6 Fun Ways to Keep Your Mind Sharp

We all have times when we walk into a room and forget why. Or we misplace keys or glasses, only to find them in a random spot. While moments like these are often described as “senior moments,” memory lapses can occur at any age.

The good news is, even as we age our brain continues to develop new neurons and new neuronal connections, keeping memory loss at bay. You can play an active role in keeping these connections going – and your mind sharp – with these activities:

 

      1. Move your body. Yes, physical exercise has a direct effect on brain health! Exercise increases blood flow to the brain, delivering nutrients the brain needs to carry out its job. Exercise also reduces inflammation, reduces insulin resistance, and promotes neuroplasticity, in other words, your ability to learn throughout your life.
      1. Read a book. Reading has many benefits: it can help make you smarter, it can improve your ability to empathize with others, and can increase your brainpower. As we age, we begin to lose memory and brain function. The good news is, research suggests that regular reading may help slow this process. The result? Your mind stays sharper longer.

 

      1. Do puzzles. Puzzles are a great brain workout because they activate both the left and right hemispheres of the brain. The right brain manages more visual‐spatial skills and creative abilities, while the left brain focuses more on logic and problem-solving. That means when you’re piecing together a jigsaw puzzle, you’re getting a whole brain workout!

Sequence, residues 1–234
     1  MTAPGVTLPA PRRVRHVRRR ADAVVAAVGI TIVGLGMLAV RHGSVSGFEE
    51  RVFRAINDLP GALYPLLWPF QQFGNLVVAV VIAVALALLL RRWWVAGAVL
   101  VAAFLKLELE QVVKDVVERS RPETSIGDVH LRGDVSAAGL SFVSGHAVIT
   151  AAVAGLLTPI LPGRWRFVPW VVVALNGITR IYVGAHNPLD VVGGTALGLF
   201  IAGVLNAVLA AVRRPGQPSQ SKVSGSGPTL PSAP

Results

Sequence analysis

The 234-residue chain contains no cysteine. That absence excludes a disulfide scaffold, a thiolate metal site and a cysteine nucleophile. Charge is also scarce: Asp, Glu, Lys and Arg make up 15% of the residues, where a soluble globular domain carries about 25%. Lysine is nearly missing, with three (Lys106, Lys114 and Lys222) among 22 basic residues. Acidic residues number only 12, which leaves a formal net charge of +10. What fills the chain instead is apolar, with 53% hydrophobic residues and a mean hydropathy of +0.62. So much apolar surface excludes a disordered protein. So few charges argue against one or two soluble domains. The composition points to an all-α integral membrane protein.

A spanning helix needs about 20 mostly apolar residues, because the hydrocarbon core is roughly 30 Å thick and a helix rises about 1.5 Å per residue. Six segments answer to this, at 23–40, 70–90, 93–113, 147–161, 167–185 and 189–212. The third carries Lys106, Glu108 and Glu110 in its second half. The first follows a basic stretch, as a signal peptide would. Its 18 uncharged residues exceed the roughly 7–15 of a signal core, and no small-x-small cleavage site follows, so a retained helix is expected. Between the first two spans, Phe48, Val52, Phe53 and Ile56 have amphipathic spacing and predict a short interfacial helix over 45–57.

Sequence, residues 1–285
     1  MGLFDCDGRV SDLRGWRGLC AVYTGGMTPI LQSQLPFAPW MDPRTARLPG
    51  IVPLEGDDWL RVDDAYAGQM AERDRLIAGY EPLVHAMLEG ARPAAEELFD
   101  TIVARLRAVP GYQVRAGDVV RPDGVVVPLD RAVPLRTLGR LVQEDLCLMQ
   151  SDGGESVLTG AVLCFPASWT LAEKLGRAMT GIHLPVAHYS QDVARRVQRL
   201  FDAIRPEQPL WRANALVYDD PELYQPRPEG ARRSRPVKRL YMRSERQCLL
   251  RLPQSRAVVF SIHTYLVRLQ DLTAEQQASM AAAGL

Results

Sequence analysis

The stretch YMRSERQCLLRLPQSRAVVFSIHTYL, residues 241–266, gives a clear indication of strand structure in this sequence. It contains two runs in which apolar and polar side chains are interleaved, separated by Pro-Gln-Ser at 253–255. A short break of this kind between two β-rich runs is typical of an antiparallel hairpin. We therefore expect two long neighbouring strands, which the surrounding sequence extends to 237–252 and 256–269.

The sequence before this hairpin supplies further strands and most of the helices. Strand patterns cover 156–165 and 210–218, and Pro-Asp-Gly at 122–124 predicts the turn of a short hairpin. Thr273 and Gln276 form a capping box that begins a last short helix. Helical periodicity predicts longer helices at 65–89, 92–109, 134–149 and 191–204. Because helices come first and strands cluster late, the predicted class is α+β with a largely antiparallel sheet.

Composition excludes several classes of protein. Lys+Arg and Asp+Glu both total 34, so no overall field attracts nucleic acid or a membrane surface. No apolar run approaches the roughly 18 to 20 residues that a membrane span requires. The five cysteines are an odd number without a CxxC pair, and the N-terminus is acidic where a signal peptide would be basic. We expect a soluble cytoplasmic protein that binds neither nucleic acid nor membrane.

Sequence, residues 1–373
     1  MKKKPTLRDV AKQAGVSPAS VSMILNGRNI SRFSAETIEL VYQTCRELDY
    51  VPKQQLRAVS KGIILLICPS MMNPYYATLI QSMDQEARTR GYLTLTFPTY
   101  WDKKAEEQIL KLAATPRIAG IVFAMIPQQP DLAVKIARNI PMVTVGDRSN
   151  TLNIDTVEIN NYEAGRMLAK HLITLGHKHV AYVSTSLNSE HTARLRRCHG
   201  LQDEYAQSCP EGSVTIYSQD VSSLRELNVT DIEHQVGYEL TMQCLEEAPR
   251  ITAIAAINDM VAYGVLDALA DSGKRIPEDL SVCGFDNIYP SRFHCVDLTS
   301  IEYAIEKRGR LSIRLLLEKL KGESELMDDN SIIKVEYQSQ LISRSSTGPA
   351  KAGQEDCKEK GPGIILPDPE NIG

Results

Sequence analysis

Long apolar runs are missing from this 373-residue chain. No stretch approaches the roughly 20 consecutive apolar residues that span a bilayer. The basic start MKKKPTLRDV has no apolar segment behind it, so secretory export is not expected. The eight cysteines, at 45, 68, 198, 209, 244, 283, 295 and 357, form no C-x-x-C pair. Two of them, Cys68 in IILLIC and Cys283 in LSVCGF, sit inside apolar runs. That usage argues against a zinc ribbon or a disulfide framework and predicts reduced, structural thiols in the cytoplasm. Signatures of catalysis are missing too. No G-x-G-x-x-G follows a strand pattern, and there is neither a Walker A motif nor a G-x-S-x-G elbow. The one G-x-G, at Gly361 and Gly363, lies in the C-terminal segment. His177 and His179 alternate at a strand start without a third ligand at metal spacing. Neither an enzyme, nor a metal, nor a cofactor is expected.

1. Play a card game. Similar to puzzles, card games use both the logical and creative sides of the brain. Additionally, card games can help improve memory and thinking skills. Whether you play solitaire or a card game with others, the benefits can’t be denied.

 

      1. Learn a new skill. Your brain is capable of learning new skills, no matter your age. Research shows that learning keeps brain cells working at optimum levels and can help protect against brain-related illnesses like dementia. Even better? The more you learn, the more effective you will become at picking up other new things. It’s never too late to learn a new language, start playing an instrument, or learn how to use a new computer program.
      1. Get social. That’s right, talking with a neighbor or meeting with friends is good for our minds and spirits! Research has shown that social contact can help improve memory formation and recall, and protects the brain from neurodegenerative diseases, such as Alzheimer’s disease and Parkinson’s disease.

 

Remember, the brain continues to create new neural pathways even as we age, so we can always learn new information. By exercising our brains with reading, game playing, and even physical movement, we can say “goodbye” to senior moments and “hello” to a strong memory.

 

Resources:

https://health.clevelandclinic.org/exercise-and-brain-health/

https://www.opensesame.com/site/blog/benefits-learning-later-life/

https://www.health.harvard.edu/blog/regular-exercise-changes-brain-improve-memory-thinking-skills-201404097110

https://lifesciences.byu.edu/how-exercise-affects-your-brain

https://www.progresslifeline.org.uk/news/the-benefit-of-puzzles-for-the-brain

https://www.rd.com/article/what-happens-to-your-brain-when-do-a-puzzle/

https://www.medicalnewstoday.com/articles/321019#Social-motivation-and-brain-power

https://www.health.harvard.edu/blog/3-ways-to-build-brain-boosting-social-connections-202109082585

 

 

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